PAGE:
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  • About
  • The Global ETD Search service is a free service for researchers to find electronic theses and dissertations. This service is provided by the Networked Digital Library of Theses and Dissertations.
    Our metadata is collected from universities around the world. If you manage a university/consortium/country archive and want to be added, details can be found on the NDLTD website.

Young children's behaviour and interactive tasks : the effects of popularity on communication and task performance

Murphy, Suzanne Marguerite January 1999 (has links)
No description available.

A novel facial action intensity detection system

Bingol, Deniz 30 January 2015 (has links)
A dissertation submitted to the Faculty of Science, University of the Witwatersrand, Johannesburg, in fulfilment of requirements for the degree of Master of Science. October 2014. / Despite the fact that there has been quite a lot of research done in the eld of facial expression recognition, not much development has occurred in detecting the intensity of facial actions. In facial expression recognition, the intensity of facial actions is an important and crucial aspect, since it would provide more information about the facial expression of an individual, such as the level of emotion in a face. Furthermore, having an automated system that can detect the intensity of facial actions in an individual's face can lead up to a lot of potential applications from lie detection to smart classrooms. The provided approach includes robust methods for face and facial feature extraction, and multiple machine learning methods for facial action intensity detection.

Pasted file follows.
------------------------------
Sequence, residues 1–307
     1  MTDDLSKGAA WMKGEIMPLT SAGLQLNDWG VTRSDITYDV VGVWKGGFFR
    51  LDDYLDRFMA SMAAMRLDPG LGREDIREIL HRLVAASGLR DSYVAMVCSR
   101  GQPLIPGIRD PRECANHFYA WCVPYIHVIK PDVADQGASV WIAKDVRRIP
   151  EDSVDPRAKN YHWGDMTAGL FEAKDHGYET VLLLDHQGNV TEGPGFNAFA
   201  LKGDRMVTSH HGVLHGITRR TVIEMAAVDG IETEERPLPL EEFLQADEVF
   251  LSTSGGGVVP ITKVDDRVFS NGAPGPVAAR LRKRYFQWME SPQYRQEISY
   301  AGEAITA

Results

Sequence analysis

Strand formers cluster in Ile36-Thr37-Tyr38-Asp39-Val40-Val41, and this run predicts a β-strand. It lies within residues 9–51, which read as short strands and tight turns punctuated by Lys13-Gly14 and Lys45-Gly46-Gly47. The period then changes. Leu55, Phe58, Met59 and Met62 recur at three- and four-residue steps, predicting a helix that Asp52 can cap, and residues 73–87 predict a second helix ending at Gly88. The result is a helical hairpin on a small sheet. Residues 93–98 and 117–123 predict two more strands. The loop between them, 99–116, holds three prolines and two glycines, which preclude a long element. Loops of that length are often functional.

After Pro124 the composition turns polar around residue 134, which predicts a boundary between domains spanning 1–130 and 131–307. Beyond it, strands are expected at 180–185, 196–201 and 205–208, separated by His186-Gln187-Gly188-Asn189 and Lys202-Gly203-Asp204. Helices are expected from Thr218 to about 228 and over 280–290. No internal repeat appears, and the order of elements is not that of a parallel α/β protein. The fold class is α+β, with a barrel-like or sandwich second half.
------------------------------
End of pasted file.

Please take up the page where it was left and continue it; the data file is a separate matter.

Facial emotion recognition after subcortical cerebrovascular diseases /

Cheung, Ching-ying, Crystal. January 2000 (has links)
Thesis (M. Phil.)--University of Hong Kong, 2001. / Includes bibliographical references (leaves 57-61).

Gender differences in facial expressions of emotions /

Huang, Hsin-Yu. January 1900 (has links)
Thesis (M.A.)--Humboldt State University, 2009. / Includes bibliographical references (leaves 54-66). Also available via Humboldt Digital Scholar.

Facial emotion in autism evidence for atypical expressions and reduced muscle movements /

Krzeminska, Patrycja. January 2001 (has links)
Thesis (M.A.)--York University, 2001. Graduate Programme in Psychology. / Typescript. Includes bibliographical references (leaves 69-76). Also available on the Internet. MODE OF ACCESS via web browser by entering the following URL: http://wwwlib.umi.com/cr/yorku/fullcit?pMQ67732.